Olga's passion and natural talent encouraged her to try dance classes, but she always found herself disappointed. "My body never wanted to follow the steps," she said. So, she told her friends this: listen to your body, listen to the music, connect with the beat, and then move to it. She was following the Groove Method before she'd ever learned it existed.


When Olga left Kielce to study at Cardinal Stefan Wyszynski University in Warsaw, she brought dance with her. "I was always the first one on the dance floor at the club," she said. Warsaw, known for its lively club scene, became her dance floor.


"I was clubbing, drinking, and staying up late as a way to release this energy. I didn't know how to cope with it in a healthy way back then," she said. "People would tell me I had this madness; I was all over the place on the dance floor."


In search of self

Although Olga knew she wanted to study psychology since she was a child - people often commented on her tendency to listen and offer insightful advice beyond her years - her time at university was exhausting.


"I felt so much pressure to be perfect," she said. "I had high standards for myself and others. Whenever I or someone else would fall short, I would flip out." Olga's perfectionism was a trauma response from her childhood, rooted in her family dynamics' dysfunctional patterns.


"Growing up in a chaotic environment can lead to perfectionism because as a child you highly depend on others, so as an adult you crave control over everything: yourself, your work, other people, peoples' perception of you, your emotions," Olga said. There was no room for perceived weakness in her family; sadness was usually expressed with anger. Emotions, she added, were meant to be repressed. "It's very addicting to try to find peace through control."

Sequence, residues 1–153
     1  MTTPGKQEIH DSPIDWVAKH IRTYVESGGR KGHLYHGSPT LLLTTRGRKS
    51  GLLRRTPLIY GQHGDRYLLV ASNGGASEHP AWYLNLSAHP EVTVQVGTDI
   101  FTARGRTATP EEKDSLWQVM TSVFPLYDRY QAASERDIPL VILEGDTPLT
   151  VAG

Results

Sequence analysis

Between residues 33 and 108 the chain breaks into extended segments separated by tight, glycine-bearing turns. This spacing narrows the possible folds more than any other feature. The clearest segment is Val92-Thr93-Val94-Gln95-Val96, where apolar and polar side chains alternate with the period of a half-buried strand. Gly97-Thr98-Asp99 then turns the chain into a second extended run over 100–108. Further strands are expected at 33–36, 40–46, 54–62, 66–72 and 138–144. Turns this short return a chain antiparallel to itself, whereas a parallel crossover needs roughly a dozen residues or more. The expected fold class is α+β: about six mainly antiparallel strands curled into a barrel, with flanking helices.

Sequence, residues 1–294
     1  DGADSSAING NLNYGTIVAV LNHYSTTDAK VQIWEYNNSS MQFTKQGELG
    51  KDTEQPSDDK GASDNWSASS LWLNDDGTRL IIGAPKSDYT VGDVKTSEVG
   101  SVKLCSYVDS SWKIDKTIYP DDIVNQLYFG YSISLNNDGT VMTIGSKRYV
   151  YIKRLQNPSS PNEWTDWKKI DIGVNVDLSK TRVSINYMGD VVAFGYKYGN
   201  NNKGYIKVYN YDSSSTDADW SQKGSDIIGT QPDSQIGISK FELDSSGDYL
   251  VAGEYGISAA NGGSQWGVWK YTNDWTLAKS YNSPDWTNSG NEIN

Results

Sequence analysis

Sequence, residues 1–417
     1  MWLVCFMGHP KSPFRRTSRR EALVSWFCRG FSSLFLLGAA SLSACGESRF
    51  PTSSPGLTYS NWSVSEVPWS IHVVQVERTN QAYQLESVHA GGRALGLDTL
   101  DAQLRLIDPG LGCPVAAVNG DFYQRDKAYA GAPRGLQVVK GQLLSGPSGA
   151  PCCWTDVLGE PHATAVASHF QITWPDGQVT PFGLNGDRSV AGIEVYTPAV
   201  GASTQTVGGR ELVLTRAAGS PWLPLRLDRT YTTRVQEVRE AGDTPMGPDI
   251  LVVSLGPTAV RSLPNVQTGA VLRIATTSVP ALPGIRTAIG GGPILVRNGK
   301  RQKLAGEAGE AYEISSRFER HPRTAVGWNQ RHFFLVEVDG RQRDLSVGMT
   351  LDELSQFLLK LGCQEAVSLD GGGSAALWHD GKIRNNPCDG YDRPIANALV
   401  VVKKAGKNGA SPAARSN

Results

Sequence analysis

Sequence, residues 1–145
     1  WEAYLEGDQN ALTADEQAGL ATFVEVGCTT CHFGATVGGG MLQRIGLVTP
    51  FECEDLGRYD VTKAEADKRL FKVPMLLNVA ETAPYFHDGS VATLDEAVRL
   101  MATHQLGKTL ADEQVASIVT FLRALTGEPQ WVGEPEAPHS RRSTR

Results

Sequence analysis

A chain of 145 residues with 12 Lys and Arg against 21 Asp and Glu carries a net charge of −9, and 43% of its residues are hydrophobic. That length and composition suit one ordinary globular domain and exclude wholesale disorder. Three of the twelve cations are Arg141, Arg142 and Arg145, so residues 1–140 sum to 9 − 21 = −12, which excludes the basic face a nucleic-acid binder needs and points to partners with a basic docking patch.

"Denmark offered me freedom to be myself. Freedom, is one of my core values. Maybe part of it is coming from Poland, where historically we didn’t have much freedom, and we really had to fight for it." - Olga Skalska


And that's precisely what Olga did. In 2015, she finished her master's degree in psychology while also working full-time, but she was anxious, stressed, and exhausted. Olga decided to quit her corporate job in Warsaw and bought a one-way ticket to Ibiza, Spain.


"It was hard to make that change because a lot of people had opinions about what I should do, and I didn't know if I could trust myself enough to go for it," she said. Her decision to trust herself paid off. After landing in Spain, she almost immediately found a job - "just like that," Olga said, with a snap of her fingers.